New Stories for February 17, 2020

 

“Catching Falling Orphans” by Paul Barach

I didn’t expect to see anyone in that empty park on a late Saturday evening, let alone them.

A young mother beneath the streetlights bouncing a small, sullen girl on her shoulders as she weaved down the trail, her arms stretched out like airplane wings.

I knew why I was there.

My dispensary closed late and I worked early on weekends. There was nothing else to do that balmy summer night but go jogging around Washington Park. Exercise was always a good distraction, especially with the anniversary of my girlfriend’s death approaching.

I’d finished the two-mile dirt loop and was heading towards the pull-up bars near the entrance when I jogged past the two of them. Out of the corner of my eye, the mother pointed at me as she turned her head to speak to the girl. I didn’t think much of it. I figured it was something like “See honey, that’s an ex-con. Don’t talk to those.”

I’m not an ex con.

However, I am six-foot, bald, and have the kind of face where if I make eye contact with a stranger, they usually apologize to me.

I’m used to people turning as I walk behind them and exclaiming “Oh! You scared me!”

My low smoker’s monotone doesn’t help this, or that I have what doctors would call “Resting Rage Face,” or that when I work out I look even angrier. Anyone who sees me would assume I’m blasting DMX or Mastodon through my earbuds, but usually I’m nerding out on a science or history podcast.

That night, I was learning how trees help each other during droughts. It was getting a little emotional.

I’d nearly forgotten about the two of them as I slowed to a walk and approached the pull up bars. It was odd for them to be out this late, but nothing remarkable. Midway through my reps, I heard the scrape of gravel behind me. They stood a couple of feet away, watching me.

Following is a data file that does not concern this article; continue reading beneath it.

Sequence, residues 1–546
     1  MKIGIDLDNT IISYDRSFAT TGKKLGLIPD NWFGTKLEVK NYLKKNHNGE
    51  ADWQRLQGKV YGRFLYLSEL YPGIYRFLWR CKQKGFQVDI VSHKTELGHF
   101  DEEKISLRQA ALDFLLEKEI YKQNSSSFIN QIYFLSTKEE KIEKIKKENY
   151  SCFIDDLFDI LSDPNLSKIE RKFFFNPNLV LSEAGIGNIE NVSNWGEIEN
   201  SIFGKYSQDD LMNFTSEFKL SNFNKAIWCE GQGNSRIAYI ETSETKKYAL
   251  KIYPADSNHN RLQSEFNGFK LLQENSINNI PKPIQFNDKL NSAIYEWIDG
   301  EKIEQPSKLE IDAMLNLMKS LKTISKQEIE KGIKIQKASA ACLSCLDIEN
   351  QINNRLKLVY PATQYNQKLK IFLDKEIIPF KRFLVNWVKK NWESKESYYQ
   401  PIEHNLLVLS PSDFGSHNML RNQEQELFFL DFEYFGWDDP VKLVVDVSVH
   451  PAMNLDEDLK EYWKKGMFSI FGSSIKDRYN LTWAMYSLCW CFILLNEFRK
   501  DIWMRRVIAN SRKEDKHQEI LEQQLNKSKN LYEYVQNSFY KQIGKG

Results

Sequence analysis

The kid was probably five years old. Backlit by the streetlights, all I could make out was her brown hair. She waved at me blankly. I dropped to the ground and clicked off my earbuds.

“Hi,” I waved back “What’s up?”

She turned away, so the young woman spoke.

“Sorry if we’re bothering you. Her mom just died…” She opened, almost apologetically “and her dad passed away a couple years ago. So I’m taking care of her now.”

“Oh…” was the best I could do on short notice, crowding out the runner up of “Jesus, are you OK?”

“Anyway, her mom was a fitness trainer, so she’s obsessed with watching people work out.” She continued, “When you jogged by, she told me to ‘follow that man.’”

To continue reading “Catching Falling Orpahans” click here.

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“The Nineteenth Floor” Alexander Perry

Mr. Smith,” the doctor said over the car’s speakers. “I’m afraid I have some bad news.”

Joe listened to the hum of the tires over the road.

“Are you there, Mr. Smith?”

“Yeah. Here,” Joe said. His voice filled the cabin. “What’s it now?”

He squinted and focused on the headlights’ path. Why must he always invite doctors to deliver him news? Use your words, he wanted to scream. I can take it.

“Well, sir,” the doctor said, “I’m afraid she’s escaped.”

Joe’s stomach knotted. The back of his tongue salivated; nausea not far behind.

“How is this possible? She’s on the nineteenth floor of the hospital.”

The doctor agreed the chances were slim. The inpatient rehab center resided high in the hospital’s North Tower partly to discourage any attempts to escape by would-be fugitives from sobriety. Most often the deterrent succeeded.

“Guards are double-checking the premises, Mr. Smith. She’s probably lost, cowering in some stairwell. Heaven knows there’s plenty in the building.”

“I haven’t ever seen her cower.”

The doctor cleared his throat. “Well, yes, about that. I know there was an incident that preceded her intake,” the doctor said, and hesitated. “We just wanted to keep you alert to the development.”